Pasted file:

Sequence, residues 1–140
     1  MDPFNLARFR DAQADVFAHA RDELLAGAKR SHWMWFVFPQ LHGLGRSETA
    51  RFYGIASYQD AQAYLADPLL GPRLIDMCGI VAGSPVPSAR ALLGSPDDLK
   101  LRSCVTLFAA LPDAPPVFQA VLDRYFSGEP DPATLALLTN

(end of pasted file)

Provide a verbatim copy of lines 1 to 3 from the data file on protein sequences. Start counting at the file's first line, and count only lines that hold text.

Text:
Sequence, residues 1–140
     1  MDPFNLARFR DAQADVFAHA RDELLAGAKR SHWMWFVFPQ LHGLGRSETA
    51  RFYGIASYQD AQAYLADPLL GPRLIDMCGI VAGSPVPSAR ALLGSPDDLK